Shout Sister Shout - Hit that Jive
MC Records MC-0063
Shout Sister Shout is an excitingly different quintet hailing from Lansing, Mich., capital of the Wolverine State, right next door to my old 1960s college stomping ground of Michigan State University, in next-door East Lansing. This quintet -- Rachel Davis, vocals; Joe Wilson, trombone, steel guitar and background vocals; Andy Wilson, harmonicas, trumpet and flugelhorn; Dominic John Suchyta, standup bass and background vocals; and Joshua Davis, guitars and vocals -- loves the music of the 1930s and 40s, and lovingly re-does these songs in a uniquely different way.
For example, there is no horn section or drums. Instead, the melodies are carried by the combination of guitar, steel guitar and upright bass, with Joe Wilson's steel guitar giving the sound a Western swing feel, particularly on several of the up-tempo tracks -- the opening track, "Slow Down;" track 6, "It's A Sin To Tell A Lie;" and track 11, "It's Only A Paper Moon." There are solidly-done solos throughout, on guitar, steel guitar, harmonica, trombone and trumpet, and Rachel Davis's excellent, melodious vocals are sultry, sophisticated, and when the song calls for it, even sexually suggestive.
The MC Records' rendition of Hit that Jive is a 14-track CD that's complied of the 12 tracks that appeared on Shout Sister Shout's original self-produced CD, with the addition of two bonus tracks and a video of the group performing that will run on most computers. A listen to the songs on Hit that Jive will convince one just how good was much of that 1930s and 1940s music, which did indeed possess a sophisticated sexuality that did not need to be graphic or raunchy.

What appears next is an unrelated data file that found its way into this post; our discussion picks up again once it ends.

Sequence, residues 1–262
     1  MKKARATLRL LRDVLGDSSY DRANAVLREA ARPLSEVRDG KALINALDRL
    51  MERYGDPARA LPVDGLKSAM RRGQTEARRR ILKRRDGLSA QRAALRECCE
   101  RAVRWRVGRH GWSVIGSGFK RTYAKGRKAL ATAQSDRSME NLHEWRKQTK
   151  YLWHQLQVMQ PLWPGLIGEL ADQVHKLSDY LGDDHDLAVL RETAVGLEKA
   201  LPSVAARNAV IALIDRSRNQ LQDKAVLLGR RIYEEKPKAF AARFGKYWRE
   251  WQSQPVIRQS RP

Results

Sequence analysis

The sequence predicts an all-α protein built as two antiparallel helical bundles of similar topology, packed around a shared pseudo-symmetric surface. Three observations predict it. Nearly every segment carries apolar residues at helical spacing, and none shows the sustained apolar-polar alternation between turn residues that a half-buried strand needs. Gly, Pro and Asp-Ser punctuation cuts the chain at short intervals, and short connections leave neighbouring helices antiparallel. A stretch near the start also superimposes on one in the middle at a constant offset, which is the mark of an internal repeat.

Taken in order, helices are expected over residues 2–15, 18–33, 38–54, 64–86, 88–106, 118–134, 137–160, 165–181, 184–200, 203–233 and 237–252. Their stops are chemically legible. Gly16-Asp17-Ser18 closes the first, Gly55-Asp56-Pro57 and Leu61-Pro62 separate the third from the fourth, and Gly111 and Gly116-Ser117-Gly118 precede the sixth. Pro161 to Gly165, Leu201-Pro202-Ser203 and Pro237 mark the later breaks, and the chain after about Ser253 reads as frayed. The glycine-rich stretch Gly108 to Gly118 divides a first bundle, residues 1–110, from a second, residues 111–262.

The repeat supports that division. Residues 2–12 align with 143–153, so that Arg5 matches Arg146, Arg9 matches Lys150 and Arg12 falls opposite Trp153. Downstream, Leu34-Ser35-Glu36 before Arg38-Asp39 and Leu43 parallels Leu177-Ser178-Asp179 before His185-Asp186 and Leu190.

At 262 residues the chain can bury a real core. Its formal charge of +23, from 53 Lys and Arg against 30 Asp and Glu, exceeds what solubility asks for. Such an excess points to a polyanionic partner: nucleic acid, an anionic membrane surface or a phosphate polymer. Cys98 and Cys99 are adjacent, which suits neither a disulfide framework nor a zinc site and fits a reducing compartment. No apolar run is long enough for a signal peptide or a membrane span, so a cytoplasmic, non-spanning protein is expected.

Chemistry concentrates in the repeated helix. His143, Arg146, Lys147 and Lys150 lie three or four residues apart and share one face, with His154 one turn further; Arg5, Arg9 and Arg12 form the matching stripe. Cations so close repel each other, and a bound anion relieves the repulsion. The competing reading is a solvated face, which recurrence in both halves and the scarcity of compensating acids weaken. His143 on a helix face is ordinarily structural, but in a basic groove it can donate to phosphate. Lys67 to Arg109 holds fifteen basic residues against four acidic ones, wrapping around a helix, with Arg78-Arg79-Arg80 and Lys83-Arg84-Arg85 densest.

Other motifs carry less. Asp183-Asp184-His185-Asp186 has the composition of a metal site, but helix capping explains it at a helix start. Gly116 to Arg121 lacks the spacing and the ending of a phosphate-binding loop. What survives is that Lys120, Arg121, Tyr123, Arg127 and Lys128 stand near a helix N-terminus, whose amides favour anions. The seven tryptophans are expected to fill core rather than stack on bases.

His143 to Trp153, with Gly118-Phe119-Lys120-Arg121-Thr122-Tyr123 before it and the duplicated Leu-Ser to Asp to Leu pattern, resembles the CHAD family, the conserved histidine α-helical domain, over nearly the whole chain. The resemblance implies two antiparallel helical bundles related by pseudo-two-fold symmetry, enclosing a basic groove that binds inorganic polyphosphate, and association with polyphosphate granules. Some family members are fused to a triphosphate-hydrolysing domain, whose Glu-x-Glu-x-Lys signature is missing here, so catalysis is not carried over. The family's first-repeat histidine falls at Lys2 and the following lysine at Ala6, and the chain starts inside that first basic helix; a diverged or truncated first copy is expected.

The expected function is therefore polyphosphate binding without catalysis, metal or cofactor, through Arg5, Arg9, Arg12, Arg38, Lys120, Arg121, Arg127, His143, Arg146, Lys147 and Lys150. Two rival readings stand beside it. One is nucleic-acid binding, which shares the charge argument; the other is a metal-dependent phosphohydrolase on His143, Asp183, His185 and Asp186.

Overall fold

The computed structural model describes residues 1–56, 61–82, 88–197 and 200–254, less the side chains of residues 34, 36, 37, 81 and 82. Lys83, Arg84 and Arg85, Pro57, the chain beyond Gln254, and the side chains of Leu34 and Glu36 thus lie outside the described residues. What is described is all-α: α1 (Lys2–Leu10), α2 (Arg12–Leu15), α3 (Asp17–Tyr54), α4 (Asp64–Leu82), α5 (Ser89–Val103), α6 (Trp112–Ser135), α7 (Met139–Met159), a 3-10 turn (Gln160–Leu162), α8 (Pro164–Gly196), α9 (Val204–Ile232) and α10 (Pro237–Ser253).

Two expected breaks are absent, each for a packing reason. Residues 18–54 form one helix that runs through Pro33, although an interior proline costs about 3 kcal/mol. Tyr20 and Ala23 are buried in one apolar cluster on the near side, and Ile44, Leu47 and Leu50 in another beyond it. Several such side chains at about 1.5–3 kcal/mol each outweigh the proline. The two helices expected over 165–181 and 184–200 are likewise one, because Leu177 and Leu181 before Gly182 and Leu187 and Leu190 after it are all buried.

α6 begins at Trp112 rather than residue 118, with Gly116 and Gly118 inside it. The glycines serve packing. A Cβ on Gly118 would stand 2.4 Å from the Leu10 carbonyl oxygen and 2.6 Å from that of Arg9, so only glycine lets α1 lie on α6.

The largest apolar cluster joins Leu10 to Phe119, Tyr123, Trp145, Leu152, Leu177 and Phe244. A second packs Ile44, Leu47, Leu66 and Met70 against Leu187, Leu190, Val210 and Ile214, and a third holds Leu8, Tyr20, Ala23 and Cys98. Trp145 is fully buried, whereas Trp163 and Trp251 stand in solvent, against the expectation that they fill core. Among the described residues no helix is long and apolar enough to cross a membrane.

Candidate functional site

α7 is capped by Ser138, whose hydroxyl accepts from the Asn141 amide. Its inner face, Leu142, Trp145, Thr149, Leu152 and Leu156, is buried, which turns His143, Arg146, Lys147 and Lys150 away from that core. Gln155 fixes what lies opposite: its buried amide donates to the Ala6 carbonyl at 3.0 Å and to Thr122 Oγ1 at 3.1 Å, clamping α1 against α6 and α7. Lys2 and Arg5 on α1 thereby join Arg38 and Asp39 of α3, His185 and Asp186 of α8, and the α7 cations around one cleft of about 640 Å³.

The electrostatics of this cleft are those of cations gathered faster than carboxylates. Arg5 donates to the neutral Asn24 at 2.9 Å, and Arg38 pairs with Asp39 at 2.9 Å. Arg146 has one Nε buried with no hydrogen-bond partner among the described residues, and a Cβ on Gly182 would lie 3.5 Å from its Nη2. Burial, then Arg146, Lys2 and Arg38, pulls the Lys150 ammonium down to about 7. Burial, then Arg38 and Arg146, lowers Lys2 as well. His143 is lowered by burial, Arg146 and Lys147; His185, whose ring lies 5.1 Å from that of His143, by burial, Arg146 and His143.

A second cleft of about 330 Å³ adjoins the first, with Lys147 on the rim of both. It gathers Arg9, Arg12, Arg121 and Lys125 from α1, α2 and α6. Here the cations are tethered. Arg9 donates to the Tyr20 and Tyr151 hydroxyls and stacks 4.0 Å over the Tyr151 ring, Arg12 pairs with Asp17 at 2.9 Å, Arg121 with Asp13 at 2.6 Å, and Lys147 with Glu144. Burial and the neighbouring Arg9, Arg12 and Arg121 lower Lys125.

But then, that was an era when sex was integrally tied to romance, and sexual infidelity was a serious taboo. Yet there's no doubt that Shout Sister Shout shows convincingly that these are songs of now, and not just of a past that came before most of us were born.
There are standards on Hit that Jive, such as "Moonlight In Vermont," "Carolina Moon," "It's A Sin To Tell A Lie" and "It's Only A Paper Moon," elegant songs that truly justify their longevity. Bluesy jazz tracks here comprise "Slow Down," "Don't Let The Sun Catch You Cryin' (substantially different songs than the rock/pop songs of the same titles from Larry Williams and Gerry and the Pacemakers respectively), Louis Jordan's "No Sale," "Never Missed My Baby," and the two bonus tracks, "You Rascal You" and "Hit That Jive Jack"
Other songs notably featured are Billie Holiday's "God Bless The Child" and Davis's a cappella version of Cole Porter's poignant "Miss Otis Regrets." Also featured is the group's namesake song, Sister Rosetta Tharpe's swinging "Shout Sister Shout!" And last, that romantic caution, "Don't Let Your Eyes Go Shopping For Your Heart."
Notable indeed is the lyricism and even ironic poetry of the words from these songs. Consider this verse from "It's A Sin To Tell A Lie":
"If she leads me to the altar, I'm sunk
Or the realism in what is still one of the classic songs on poverty and riches, "God Bless The Child":
"Rich relations give
And for directness, nothing tops Sam Theard's "You Rascal You":
"I'll be glad when you're dead
EDITORS NOTE: This review is courtesy of the Bloomington Alternative at www.bloomingtonalternative.com
Reviewer George Fish lives in Indianapolis, Indiana, home of blues legends Yank Rachell and Leroy Carr, and writes a regular music column, “Blues and More” for the online Bloomington (IN) Alternative. He’s also published in the regional Indiana blues and alternative presses as well as Living Blues and Blues Access, and wrote the notes for Yank Rachell’s Delmark album, Chicago Style. He has also published on blues and pop music for the left-wing press as well, and has appeared in Against the Current and Socialism and Democracy, as well as the online Political Affairs and MRZine.